Gradually the population started to build their own infrastructure settings with buildings such as additional floors and rooms, which led to the disruption of the building blocks and subsequently their outrage. These actions were not restricted by the law.

Today, there are frequent cases where the construction metal belts are fitted to the outside of the buildings. Most of such reinforcement constructions were undertaken by delay, which did not provide for the life cycle and part of the population was forced to leave their houses.

Although Khrushchev’s residential apartments have expired, the Vazha-Pshavela quarters of Tbilisi are found to have preserved the project buildings in a solid form.

There is  508 Khrushchev project buildings in Tbilisi. These blocks are scattered throughout the city, the major part of which is found on Vazha-Pshavela Quarters, Dighomi and Varketili massifs.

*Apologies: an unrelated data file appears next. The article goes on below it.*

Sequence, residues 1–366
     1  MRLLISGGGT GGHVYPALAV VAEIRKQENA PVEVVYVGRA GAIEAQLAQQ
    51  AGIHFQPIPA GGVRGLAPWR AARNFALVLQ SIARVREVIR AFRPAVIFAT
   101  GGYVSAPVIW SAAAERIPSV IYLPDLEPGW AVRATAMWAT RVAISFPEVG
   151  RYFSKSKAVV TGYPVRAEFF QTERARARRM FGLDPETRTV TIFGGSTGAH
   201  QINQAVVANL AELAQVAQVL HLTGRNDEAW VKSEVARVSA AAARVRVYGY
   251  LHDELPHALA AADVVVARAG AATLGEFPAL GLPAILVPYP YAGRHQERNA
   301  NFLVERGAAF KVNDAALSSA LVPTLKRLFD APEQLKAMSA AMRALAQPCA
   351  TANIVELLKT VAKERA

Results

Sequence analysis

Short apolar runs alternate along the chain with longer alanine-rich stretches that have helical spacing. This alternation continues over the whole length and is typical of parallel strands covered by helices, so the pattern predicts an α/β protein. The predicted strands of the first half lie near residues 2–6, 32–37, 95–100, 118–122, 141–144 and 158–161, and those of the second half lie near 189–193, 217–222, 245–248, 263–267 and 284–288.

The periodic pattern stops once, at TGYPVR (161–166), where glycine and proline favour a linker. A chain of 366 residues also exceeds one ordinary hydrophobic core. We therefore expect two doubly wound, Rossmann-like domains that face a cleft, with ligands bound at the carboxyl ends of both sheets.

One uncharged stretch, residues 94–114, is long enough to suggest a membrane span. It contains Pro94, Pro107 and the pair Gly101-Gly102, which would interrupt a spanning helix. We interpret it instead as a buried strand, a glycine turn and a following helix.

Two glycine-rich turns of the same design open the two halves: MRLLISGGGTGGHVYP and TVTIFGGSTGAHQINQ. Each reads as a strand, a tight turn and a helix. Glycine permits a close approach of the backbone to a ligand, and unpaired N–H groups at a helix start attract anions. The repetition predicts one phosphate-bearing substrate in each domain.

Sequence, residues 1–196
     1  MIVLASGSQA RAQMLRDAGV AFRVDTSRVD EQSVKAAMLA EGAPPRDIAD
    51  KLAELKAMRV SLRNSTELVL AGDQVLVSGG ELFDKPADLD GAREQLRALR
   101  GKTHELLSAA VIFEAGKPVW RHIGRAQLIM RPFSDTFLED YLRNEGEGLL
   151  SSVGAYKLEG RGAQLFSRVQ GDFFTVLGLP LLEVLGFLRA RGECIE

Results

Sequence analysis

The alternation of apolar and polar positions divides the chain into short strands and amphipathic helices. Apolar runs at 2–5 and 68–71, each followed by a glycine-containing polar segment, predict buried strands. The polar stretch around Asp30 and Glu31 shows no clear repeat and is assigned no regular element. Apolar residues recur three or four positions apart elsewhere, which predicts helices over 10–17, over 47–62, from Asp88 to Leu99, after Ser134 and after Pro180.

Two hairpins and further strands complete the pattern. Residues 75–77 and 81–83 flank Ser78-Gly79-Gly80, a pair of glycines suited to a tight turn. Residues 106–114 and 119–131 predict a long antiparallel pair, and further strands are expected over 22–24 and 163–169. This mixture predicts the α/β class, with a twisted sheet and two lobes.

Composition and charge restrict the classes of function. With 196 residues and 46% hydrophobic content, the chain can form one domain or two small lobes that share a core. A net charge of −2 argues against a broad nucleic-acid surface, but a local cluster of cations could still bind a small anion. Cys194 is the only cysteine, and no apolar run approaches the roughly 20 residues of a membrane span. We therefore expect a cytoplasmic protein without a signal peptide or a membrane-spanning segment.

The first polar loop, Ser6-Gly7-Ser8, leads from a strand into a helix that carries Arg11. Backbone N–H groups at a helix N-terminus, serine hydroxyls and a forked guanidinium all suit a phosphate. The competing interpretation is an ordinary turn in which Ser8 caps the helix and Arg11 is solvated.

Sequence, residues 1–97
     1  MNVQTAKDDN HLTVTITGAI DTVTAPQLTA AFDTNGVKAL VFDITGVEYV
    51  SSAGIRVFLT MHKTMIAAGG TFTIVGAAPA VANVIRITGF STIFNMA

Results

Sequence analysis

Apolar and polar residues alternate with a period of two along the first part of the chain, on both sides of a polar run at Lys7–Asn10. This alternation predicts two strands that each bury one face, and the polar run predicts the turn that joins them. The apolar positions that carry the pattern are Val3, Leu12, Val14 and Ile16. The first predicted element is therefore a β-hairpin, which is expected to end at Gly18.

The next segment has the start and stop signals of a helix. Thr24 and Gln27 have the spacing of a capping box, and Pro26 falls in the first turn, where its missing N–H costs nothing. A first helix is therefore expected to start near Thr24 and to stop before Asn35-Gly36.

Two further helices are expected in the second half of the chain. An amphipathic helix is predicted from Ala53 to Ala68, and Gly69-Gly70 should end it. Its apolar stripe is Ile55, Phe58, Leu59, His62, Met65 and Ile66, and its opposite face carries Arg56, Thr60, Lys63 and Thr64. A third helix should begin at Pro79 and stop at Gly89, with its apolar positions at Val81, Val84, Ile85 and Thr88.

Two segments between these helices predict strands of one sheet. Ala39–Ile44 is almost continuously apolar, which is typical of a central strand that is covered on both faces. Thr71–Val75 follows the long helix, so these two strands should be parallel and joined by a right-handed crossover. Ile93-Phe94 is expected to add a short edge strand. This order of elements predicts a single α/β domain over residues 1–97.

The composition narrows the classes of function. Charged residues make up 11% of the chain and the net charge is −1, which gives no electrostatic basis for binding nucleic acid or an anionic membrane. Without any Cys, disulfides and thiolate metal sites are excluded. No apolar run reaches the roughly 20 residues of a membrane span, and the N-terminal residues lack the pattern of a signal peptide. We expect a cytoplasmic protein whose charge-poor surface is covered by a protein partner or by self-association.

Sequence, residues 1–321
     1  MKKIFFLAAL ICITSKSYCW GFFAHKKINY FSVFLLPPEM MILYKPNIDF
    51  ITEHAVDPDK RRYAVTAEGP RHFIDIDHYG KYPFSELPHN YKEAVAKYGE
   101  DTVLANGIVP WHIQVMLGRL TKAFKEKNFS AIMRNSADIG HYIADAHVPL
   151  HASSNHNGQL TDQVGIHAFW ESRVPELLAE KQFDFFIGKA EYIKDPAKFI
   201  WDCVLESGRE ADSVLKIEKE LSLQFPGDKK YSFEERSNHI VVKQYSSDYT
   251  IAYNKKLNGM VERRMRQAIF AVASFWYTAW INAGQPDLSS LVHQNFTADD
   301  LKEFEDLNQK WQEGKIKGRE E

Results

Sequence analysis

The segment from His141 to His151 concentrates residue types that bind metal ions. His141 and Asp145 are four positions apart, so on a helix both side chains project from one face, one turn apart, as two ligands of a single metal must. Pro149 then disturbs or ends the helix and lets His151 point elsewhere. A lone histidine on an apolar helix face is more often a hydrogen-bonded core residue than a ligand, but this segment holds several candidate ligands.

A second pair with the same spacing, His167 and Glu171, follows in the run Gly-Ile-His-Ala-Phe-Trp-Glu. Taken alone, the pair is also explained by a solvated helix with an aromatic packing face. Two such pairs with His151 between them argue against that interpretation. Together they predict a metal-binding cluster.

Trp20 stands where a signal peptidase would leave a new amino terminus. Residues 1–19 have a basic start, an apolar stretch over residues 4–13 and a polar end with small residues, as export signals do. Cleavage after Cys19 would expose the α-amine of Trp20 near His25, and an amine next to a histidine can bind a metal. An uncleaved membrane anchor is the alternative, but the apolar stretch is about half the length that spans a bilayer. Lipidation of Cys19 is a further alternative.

The standard volumetric area of a Khrushchev project building is approximately ​​801.85m2 with total of 2.500m2 assigned for the residential area. The entire residential area of the Khrushchev project buildings in Tbilisi is approximately 1.066.800m2.

From 1940 to 1990, the residential area of ​​the Khrushchev project apartments amounted to 8% of the total living space in Tbilisi. As of today this figure is reduced to 4%.

Within the works embarked, the Colliers International Georgia has appraised the total of 1022 Khrushchev project apartments in Georgia with 65% located in Tbilisi. The largest share of Tbilisi-based apartments is 40.4% in Saburtalo followed by Didube with 16.2%, and Varketili with 10.1%.

The price per square meter of the Khrushchev project apartments varies according to the district the facility is located in. For example: the price of a square meter of a residential building in Saburtalo is 688 USD, in Didube – 654 USD, and in Varketili – 474 USD. Varketili is followed with Temka, Samgori and Gldanula settlement, where the price of the Khrushchev project apartments is 454 USD.